The Imitation Game – How many copies do you want? (Film Review)
Think of all the worst clichés about mad scientists, the “driven genius” and closeted homosexual males consumed by intense frustration resulting in profound works of greatness and you have The Imitation Game, a clumsy, frustratingly banal film more interested in preserving the mythology around masculine genius (complete with tics, physical awkwardness, ugliness and a delightful penchant for upholding the mystification of mathematics) than it is in paying genuine homage to a truly interesting man. The Imitation Game stoops to that “he’s just like me” level of connection, designed to make anyone who has ever struggled with slight social awkwardness feel like they are a brilliant code breaker if only the world could see them for who they really are. The Imitation Game shamelessly tugs at heart strings using plot devices like wining over the originally antagonistic crowd, and the country turning on its own war hero to transform itself into an inspirational drama whose only true value in the future will be in motivating masturbatory goal setting practices for procrastinating wannabees.
The Imitation Game is Norwegian director Morten Tyldum’s first fully English speaking film, and his third box office hit after the rom-com Buddy (2003) and the enormously popular Headhunters (2011) neither of which I have had the pleasure of seeing. Tyldum is another one of these enthusiastically welcomed music video directors turned filmmakers which may or may not be an impressive judgement depending on how much you value these creative contributions. The film’s clichés come from a certain film genre (the inspirational bio-pic as I mentioned above) but the flashy look and the salesman-esque transformation of subject into object is very music video, where the advertisement and the product are one and the same. The Imitation Game is a film passionate about selling itself, from its accidentally feminist heroine (Keira Knightly – who is actually quite good in this) through to Turings portrayal by Benedict Cumberbatch that topples into the worst of clichés, the film stretches out to envelop the viewer into its warm embrace, constantly expanding the notion we stand united with the outcast. Never does The Imitation Game challenge the viewer into the horrifying truth – which is that Turing was an outcast, and would have been hated by ever member of the audience at some point if we all actually met him.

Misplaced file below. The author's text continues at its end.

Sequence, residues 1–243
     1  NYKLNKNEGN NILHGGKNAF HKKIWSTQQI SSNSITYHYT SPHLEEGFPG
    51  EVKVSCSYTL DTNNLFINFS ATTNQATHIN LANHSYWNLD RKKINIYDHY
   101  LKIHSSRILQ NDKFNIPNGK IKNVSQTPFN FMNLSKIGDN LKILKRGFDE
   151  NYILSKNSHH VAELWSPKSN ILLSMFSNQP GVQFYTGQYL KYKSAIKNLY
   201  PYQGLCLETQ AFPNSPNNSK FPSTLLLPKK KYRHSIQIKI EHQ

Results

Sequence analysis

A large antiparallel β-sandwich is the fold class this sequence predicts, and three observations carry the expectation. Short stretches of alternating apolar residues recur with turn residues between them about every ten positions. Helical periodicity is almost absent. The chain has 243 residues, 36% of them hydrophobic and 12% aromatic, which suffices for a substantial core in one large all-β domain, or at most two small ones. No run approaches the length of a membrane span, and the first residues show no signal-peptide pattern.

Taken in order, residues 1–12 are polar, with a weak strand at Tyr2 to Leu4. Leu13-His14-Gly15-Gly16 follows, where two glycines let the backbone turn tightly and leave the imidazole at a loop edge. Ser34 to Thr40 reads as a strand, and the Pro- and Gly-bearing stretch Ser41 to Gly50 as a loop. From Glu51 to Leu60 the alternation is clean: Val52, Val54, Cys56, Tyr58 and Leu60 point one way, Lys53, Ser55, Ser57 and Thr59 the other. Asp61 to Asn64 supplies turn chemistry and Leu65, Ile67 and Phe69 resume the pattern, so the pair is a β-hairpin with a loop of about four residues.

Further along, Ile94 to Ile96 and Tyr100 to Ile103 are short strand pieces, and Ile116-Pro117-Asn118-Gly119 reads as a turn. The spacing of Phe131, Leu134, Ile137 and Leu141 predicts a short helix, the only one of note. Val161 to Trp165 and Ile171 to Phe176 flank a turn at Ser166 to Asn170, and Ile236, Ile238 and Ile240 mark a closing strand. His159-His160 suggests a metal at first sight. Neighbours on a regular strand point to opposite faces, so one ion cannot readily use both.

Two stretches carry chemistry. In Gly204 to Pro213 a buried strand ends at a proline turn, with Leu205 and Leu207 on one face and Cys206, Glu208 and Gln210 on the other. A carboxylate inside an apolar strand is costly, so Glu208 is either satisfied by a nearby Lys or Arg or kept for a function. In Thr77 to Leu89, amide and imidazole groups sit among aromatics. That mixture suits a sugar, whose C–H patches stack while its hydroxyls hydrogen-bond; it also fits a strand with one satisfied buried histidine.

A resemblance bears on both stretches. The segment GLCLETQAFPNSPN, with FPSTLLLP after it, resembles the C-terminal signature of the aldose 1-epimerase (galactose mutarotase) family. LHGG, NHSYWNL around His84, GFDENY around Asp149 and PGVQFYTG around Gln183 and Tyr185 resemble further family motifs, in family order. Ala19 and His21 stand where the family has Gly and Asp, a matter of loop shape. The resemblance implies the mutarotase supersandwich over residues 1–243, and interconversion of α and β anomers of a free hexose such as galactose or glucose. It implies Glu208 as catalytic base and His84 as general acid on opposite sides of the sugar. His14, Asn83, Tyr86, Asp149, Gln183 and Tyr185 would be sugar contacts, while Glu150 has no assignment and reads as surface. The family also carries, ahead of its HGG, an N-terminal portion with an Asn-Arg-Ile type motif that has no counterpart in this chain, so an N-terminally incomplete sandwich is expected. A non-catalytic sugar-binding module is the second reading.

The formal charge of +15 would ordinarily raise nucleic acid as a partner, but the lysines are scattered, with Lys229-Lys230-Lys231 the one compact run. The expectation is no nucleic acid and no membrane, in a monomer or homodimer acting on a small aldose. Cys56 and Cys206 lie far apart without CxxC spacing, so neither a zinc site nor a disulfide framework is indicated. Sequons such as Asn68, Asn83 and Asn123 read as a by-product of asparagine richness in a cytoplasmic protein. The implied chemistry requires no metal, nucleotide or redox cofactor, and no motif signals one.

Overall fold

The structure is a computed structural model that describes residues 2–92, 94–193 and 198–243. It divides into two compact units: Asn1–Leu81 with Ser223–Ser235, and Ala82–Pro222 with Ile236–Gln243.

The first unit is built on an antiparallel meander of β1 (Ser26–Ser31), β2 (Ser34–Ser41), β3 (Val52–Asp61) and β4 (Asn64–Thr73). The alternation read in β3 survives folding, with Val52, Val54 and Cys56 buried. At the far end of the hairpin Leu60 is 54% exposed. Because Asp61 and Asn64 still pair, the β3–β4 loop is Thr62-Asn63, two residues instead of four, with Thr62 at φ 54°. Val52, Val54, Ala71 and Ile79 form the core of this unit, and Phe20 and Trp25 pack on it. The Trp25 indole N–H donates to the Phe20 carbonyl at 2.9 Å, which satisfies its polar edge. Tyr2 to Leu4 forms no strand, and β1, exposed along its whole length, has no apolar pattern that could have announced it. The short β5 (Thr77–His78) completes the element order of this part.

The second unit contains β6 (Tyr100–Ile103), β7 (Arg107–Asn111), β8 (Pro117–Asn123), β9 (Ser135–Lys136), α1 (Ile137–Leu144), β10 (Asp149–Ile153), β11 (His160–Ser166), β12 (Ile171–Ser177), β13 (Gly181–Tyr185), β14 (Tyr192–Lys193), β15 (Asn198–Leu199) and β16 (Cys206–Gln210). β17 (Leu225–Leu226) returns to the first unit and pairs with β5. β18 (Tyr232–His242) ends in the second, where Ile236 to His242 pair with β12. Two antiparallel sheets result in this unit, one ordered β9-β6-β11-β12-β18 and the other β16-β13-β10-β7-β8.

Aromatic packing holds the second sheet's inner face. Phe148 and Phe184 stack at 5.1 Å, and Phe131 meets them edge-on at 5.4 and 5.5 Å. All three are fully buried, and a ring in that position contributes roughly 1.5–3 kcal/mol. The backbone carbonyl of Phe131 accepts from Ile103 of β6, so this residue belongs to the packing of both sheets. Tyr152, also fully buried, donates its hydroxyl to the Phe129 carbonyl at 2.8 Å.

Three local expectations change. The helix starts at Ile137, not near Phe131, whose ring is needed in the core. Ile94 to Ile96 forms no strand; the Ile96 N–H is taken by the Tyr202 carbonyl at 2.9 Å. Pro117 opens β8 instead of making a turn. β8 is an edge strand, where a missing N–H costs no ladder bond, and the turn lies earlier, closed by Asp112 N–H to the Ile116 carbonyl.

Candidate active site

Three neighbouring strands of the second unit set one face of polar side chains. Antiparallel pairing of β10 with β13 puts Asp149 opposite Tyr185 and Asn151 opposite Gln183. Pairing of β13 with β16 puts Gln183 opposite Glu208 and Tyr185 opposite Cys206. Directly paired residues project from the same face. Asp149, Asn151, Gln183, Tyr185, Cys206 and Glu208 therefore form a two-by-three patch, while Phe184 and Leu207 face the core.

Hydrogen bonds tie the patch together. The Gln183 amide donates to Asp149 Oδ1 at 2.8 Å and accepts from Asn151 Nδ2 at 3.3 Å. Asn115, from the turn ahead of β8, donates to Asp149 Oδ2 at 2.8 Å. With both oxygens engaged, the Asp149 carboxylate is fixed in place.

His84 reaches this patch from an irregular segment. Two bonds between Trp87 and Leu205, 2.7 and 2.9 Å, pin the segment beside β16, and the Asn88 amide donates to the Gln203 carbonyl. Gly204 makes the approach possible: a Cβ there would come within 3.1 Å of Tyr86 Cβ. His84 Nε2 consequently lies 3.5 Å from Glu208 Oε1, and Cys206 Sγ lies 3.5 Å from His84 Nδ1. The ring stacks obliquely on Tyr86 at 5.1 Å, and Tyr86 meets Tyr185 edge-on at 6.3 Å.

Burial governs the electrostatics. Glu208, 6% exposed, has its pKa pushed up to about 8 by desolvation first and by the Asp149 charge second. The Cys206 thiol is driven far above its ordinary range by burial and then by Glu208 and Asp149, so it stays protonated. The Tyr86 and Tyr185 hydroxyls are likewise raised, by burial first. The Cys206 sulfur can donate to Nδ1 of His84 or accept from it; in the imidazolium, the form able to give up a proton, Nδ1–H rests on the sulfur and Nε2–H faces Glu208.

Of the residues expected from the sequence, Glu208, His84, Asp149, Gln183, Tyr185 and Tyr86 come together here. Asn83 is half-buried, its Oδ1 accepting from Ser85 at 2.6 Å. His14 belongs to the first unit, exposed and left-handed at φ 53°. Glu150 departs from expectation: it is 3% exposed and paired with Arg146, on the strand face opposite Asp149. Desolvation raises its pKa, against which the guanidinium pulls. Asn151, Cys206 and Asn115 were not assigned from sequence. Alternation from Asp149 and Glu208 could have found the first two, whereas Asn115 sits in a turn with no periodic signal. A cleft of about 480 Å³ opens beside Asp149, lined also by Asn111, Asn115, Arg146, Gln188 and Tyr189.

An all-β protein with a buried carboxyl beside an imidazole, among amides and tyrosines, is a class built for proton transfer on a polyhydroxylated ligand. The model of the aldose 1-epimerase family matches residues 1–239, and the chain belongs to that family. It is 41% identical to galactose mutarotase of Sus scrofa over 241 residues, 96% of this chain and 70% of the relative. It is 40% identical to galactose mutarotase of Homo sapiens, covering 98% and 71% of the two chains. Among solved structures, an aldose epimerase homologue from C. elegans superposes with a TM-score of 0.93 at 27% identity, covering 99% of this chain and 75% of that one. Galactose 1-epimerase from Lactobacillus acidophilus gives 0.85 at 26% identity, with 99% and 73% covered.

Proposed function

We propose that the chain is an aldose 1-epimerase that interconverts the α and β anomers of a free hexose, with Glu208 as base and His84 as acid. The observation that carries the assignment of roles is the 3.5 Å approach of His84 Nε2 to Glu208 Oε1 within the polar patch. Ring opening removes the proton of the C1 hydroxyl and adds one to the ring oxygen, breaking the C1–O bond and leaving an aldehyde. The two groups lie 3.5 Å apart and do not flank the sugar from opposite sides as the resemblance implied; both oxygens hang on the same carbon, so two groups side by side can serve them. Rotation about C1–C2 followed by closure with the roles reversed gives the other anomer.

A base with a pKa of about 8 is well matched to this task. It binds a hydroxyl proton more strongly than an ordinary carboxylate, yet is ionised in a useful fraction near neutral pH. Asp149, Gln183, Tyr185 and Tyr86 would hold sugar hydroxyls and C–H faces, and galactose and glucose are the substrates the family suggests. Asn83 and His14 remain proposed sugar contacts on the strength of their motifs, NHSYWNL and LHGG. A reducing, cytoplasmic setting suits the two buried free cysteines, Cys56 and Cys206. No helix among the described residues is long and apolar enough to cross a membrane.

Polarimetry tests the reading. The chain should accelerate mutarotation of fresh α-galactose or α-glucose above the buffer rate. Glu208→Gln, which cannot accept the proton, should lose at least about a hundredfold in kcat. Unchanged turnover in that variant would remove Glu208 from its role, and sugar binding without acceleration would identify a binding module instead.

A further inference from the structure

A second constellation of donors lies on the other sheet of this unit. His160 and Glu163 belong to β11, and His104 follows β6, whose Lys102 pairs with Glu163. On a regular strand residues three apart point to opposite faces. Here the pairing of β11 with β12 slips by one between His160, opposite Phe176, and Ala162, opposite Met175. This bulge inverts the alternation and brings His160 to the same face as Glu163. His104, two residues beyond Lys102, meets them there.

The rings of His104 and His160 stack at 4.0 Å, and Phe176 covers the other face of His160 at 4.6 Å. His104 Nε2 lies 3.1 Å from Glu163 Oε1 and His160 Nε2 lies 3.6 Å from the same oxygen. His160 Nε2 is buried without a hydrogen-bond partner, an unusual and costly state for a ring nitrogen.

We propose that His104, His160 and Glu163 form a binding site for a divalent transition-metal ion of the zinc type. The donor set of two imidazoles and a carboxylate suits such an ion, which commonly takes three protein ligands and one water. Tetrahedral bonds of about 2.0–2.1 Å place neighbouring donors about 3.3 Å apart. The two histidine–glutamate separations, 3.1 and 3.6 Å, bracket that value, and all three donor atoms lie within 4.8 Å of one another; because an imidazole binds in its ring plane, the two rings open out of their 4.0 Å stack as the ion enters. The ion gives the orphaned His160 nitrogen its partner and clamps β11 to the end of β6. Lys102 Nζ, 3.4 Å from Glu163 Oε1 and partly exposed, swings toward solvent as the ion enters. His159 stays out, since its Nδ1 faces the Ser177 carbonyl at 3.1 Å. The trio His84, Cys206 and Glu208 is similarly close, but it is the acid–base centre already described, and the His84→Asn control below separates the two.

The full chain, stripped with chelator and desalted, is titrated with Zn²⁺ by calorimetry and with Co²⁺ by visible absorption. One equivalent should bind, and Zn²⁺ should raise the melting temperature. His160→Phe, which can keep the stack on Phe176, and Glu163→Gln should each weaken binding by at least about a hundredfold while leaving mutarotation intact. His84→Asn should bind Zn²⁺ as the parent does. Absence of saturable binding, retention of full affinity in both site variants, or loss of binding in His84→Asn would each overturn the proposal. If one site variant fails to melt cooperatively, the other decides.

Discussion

But there is so much to lurrrrve about The Imitation Game. First of all, it’s a Hollywood film made by a Scandi getting off his artistic high horse and making pop-feel-good-films we can all enjoy. Second, Graham Moore originally wrote one of those black list screenplays that for some bizarre reason give people the false idea they can sneak in a back door to Hollywood with their as yet unwritten masterpiece. The film is rather beautiful with great Spanish cinematographer Óscar Faura in fine form, and it has an exquisite score by Alexandre Desplat, two points which are likely to garner the film Oscar noms in that all important race.
But it is, above all else, a terrible screenplay and a false, light-weight film that appallingly nestles itself into feel-good mode when the true story of computer scientist Alan Turing is one of tragic sadness alongside a remarkable commentary on society’s inability to recognise essential genius when it crosses swords with mass-morality. Three very interesting and important opportunities for enduring points to be made are squandered by the film: the nature of the Allies secret accomplishments in winning WW2 when credit constantly goes to the Americans; the invention of the first computer; and the appalling nature of his persecution and death by the British citizenry due to his homosexuality, a wrong only publicly righted in 2009 with an apology by Gordon Brown and in 2013 with a posthumous pardon (!) from the Queen.
Given the serious importance of Turing’s scientific contributions, the screenplay does little more than expand a Wikipedia level of interest in the accomplishments of Turing, keeping it simple for the no doubt simple audience who will get bored if we try to go into too much detail about the man who came up with the first computer and is considered the father of artificial intelligence. I would have thought a society as Steve Jobs obsessed as ours would have been able to handle a more complex study of the man and his work, but apparently not. Even the all important machine built to break the German Enigma code is served to the audience with more focus on visuals than operational mechanics. Turning is painted as an inaccessible genius, refusing to accommodate a society he is obviously so far above and therefore misunderstood by all those around him. Horribly, for the first few scenes, Cumberbatch’s performance taps into Jesse Eisenberg’s as Mark Zuckerberg in The Social Network, as if all computer cleverness is equal and all equally mysterious. It’s an obvious and odious connection that belittles the ‘RL’ man and all he accomplished.
So, as if nothing has changed and to emphasise that idea, The Imitation Game serves itself up with infomercial level knowledge as an inspiration to have us all achieve more as we go about our daily lives. If feel-good is what you’re after, and let’s face it, a great number of us go to the movies to feel good (and why shouldn’t we) then you can do a lot worse than The Imitation Game. Just remember that it remains disrespectful to Alan Turing.